This article was published in 2011, in Newsletter 94.
As the New Year unfolds and more wintry conditions are forecast, it’s time to take stock and review the Council’s efforts to keep the city’s major cycle routes open in all conditions. Snow and ice in previous years have been the subject of much anger by cyclists, ‘Once again, cyclists and pedestrians are being treated as second-class citizens when it comes to gritting of key routes’ (Cycling Campaign website) and the feeling was widespread, with a petition created by Cambridge resident Robert Oeffner getting over 1,200 signatures.
So it has been heartening to see the Council react to this pressure: after a consultation last October, a decision was made to purchase a quad bike with a snow plough on the front and a trailer of brine in tow. We understand that the quad bike is being used to treat the primary on- and off-road network of cycle routes within the ring road and is deployed when there is a forecast of five days or more of icy weather. Following a review of this trial in the summer of 2011 a report will be brought to Cabinet regarding the possibility of rolling out the treatment of cycleways and footways across the county.
A first-hand account
My personal experience was of feeling rather annoyed at yet another joy-riding motocross bike charging across Midsummer Common where my boat is moored up. It was only 10.30 in the evening and I looked out of the window to see if was worth calling the police for such an unpleasant disturbance. But this was no ordinary joy-rider! A quad bike, with flashing amber warning light, was motoring quite quickly up and down the common’s footpaths. It took me a few moments to work out what was going on but my initial dismay at the ugly noise quickly turned into happy thoughts of beautifully clear cycle paths throughout the city. Yippee.
Once the euphoria was over in the morning I was able to see what effect the brine spray had had. The timing couldn’t have been better as I was due to be on Radio Cambridgeshire at 7.00 am to discuss how our freight bicycles would cope in the wintry conditions. As I praised the Council, I could feel Jeremy Sallis’ tone of disgust as he assumed I was a Council employee in disguise. On my way into work that morning, I honestly didn’t notice much difference on the tow path as it had been a cold but relatively dry night. But I was keen to give praise after such difficult times last year and I knew this was a welcome change.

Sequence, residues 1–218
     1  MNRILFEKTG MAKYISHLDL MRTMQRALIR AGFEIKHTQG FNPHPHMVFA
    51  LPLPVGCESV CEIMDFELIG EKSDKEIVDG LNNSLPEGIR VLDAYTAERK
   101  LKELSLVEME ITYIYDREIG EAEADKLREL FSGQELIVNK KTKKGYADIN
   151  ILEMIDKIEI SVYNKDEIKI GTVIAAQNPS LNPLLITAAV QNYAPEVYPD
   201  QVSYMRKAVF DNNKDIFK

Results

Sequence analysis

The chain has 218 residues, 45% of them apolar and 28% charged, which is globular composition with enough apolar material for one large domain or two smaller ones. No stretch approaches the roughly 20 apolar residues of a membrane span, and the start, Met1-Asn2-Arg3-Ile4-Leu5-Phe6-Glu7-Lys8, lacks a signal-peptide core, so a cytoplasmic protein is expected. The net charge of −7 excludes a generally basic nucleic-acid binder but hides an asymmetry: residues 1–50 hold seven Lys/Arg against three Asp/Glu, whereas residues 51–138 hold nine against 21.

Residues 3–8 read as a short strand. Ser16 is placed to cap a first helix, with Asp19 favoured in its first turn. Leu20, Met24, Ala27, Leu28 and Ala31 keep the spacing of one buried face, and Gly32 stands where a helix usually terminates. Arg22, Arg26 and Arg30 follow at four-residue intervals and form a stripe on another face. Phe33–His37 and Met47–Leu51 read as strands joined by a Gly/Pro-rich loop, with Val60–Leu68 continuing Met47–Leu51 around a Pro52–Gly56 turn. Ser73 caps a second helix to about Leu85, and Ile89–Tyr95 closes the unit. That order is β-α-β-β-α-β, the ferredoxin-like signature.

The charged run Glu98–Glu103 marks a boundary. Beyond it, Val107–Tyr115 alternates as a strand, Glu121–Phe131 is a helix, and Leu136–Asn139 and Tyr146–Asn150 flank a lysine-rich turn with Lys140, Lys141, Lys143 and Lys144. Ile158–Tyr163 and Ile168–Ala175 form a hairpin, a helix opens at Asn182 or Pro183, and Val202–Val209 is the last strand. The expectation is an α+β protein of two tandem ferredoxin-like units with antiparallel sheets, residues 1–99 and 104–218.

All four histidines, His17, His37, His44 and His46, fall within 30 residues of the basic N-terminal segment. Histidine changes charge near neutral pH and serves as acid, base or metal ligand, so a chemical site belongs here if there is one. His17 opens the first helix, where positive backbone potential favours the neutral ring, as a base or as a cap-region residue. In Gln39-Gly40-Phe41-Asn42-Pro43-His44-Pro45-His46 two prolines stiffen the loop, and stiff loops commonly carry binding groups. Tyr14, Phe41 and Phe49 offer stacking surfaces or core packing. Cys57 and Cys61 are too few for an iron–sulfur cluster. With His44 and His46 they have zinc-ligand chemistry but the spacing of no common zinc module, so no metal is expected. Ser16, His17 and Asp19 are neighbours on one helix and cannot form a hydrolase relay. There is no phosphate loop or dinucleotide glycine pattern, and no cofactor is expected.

It was pleasing to see the quad bike out most evenings after this. On one occasion, the driver had an accomplice who appeared to help him clear the area around the bottom of Cutter Ferry bridge where there is a big cyclist and pedestrian junction. The rather zealous quad bike driver meanwhile was happy doing laps of the common, I suspect well over his speed limit….
Later in the week it snowed. No quad bike came out on that evening and by the following night, the snow had compacted and attempts at ploughing were totally futile. It meant that the brine spray took a lot longer to react as it needed plenty of foot and cycle traffic to do its work. That said, it did work and within the next 24 hours a clear patch of path had formed (about 60 cm – 2 feet – in width).
A quick look on the Council’s site for gritting tells me that the quad bike is being trialled this year so here are a few of my points to ensure the service is continued and improved upon.
- This has made a MASSIVE difference to the areas the quad bike has been operating – for Council decision-makers: please continue and expand on this badly needed service.
- Complaints from Cycling Campaign members have been down but there are areas that are not covered and the service could be extended.
- Apparently bridges constructed of steel will dissolve with salt (I really can’t believe that any bridge will be seriously affected by a bit of brine?!) and presumably this is why both Riverside bridge and the Jane Coston bridge (particularly bad as it is so steep) were not gritted, causing most of the complaints.
- Mr quad bike driver should go more slowly across the common. It may be late in the evening but one slower circuit will presumably dump as much brine as three circuits at breakneck speed.
- The brine is sprayed over a strip approximately 60 cm wide. This is very narrow and it was almost impossible to have two people pass at the same time without going onto the icy sections.
- It is really important to have the quad bike out as soon as possible after any snow has fallen to clear areas. The snow quickly compacts meaning the snow plough is useless and brine takes much longer to work on heavily compacted, icy snow.
Rob King, Outspoken Delivery